Throughout all of this, West has occasionally had a bizarre and unpalatable outburst like this. But what's fascinating to me about his outbursts is that they're always about merit. Wrong or right, he seems to care so passionately about popular art that he can't help but speak out. There were times when it was about him thinking he should have won, but there was also this time -- when he thought Beyonce deserved credit. Or the time Kanye won and promptly handed his award to one of the few hip-hop artists who've matched his creativity and fearlessness, Outkast. Not as a tribute, but because he thought they had earned it more than him.
After I wrote a few notes about the events on twitter, I got a lot of feedback. Mostly negative. And largely reasonable. So I want to clarify.
I think these outbursts are manifestations of the same pig-headed passion that drove Kanye to insist he could rap for all those years. The same passion that made him abandon the soul samples after they made him the hottest producer in hip-hop. The same passion that led him to let Zach Galifianakis and Will Oldham dress up in weird farmer outfits and make him a video on a farm.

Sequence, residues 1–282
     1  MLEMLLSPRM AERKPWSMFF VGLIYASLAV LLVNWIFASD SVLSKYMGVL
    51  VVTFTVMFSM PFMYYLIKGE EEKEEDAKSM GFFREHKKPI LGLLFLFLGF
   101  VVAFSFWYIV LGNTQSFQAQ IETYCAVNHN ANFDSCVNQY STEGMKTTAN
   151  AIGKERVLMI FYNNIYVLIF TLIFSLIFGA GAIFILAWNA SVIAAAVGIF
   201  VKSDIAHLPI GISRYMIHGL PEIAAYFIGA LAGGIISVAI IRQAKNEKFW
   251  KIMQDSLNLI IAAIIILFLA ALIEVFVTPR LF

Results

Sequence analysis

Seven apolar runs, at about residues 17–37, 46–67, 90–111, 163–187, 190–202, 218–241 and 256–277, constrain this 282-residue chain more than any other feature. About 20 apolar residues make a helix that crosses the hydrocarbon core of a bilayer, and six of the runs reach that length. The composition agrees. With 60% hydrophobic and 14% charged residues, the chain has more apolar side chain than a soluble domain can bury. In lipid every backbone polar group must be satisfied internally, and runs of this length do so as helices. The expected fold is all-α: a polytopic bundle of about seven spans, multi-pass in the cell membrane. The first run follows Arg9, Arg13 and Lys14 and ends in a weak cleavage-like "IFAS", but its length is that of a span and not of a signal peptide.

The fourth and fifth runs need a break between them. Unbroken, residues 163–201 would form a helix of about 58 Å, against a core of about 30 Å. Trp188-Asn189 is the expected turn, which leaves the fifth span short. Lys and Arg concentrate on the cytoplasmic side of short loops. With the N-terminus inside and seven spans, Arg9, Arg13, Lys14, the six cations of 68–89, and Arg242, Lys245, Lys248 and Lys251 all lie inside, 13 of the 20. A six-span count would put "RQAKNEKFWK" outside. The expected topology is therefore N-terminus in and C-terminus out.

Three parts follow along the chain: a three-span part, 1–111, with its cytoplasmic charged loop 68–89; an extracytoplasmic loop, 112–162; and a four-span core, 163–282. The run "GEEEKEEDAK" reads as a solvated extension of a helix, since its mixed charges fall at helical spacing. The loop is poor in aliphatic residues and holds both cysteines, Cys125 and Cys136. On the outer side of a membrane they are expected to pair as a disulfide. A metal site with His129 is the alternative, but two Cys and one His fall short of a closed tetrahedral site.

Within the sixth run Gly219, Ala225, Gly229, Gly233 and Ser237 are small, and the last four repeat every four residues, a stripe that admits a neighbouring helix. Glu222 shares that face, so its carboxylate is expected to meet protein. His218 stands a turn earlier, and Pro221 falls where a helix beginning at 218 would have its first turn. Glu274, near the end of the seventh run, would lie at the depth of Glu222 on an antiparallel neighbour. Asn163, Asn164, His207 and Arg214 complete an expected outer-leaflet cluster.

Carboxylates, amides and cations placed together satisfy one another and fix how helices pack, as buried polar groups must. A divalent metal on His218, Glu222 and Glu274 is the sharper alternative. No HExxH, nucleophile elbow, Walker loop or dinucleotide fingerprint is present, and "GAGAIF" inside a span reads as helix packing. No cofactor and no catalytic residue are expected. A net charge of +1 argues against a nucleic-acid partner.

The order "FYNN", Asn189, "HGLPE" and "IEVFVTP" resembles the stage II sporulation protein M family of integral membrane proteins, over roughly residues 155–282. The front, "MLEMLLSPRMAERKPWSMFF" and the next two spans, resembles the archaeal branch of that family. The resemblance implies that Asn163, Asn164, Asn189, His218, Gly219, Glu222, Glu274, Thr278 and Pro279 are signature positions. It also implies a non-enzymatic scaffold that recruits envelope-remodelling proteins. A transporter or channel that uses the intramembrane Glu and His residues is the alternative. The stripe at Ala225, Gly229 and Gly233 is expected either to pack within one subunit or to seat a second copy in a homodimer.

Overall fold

My friend Tom Scharpling wrote on twitter "I love him, but at this point the guy is a bully who needs to get punched in the stomach by a nerd high school-style."
And I don't know if I disagree.
But I think Kanye's flaw isn't his enormous ego. He's never been afraid to give credit to others, and he's never claimed, for example, to be the greatest MC (he's not), despite a hip-hop culture that encourages such claims (and a broader culture that takes them too literally).
I think this is the problem: Kanye doesn't understand that despite the fact that he is still the same guy, the same passionate, music-loving, speak-until-someone-listens scrapper, the change in the context in which he lives has changed who he is in a very real way. He's confusing signifier and signified. He's not the nerd anymore, he's the bully. When he stands up for what he believes in, he's not sticking it to the man, he's stepping on the little guy.
So I agree with Amy Malkoff, who tweeted to me that he seems to lack foresight or understanding of what his antics do to others. And I agree with Tom Scharpling when he writes, "Then he should start his own awards show. Oh, and WHY DO I CARE ABOUT THIS? THE MTV AWARDS ARE NOT REAL AWARDS!"
I hope Kanye can grow as a man, and think about who he is now, and what he means now. For himself, and for allthepeoplewhoheinspired to be themselves and create art that expresses their experience rather than to play a role someone else wrote for them.
And I hope he never stops caring. Because his art is too important.
Also: that Beyonce video was amazing.
Also also: "Pyoo! Pyoo! Pyoo!" = line of the year
Also also also: I wrote this in one go without even re-reading it, so my apologies. Now that you made the mistake of reading it.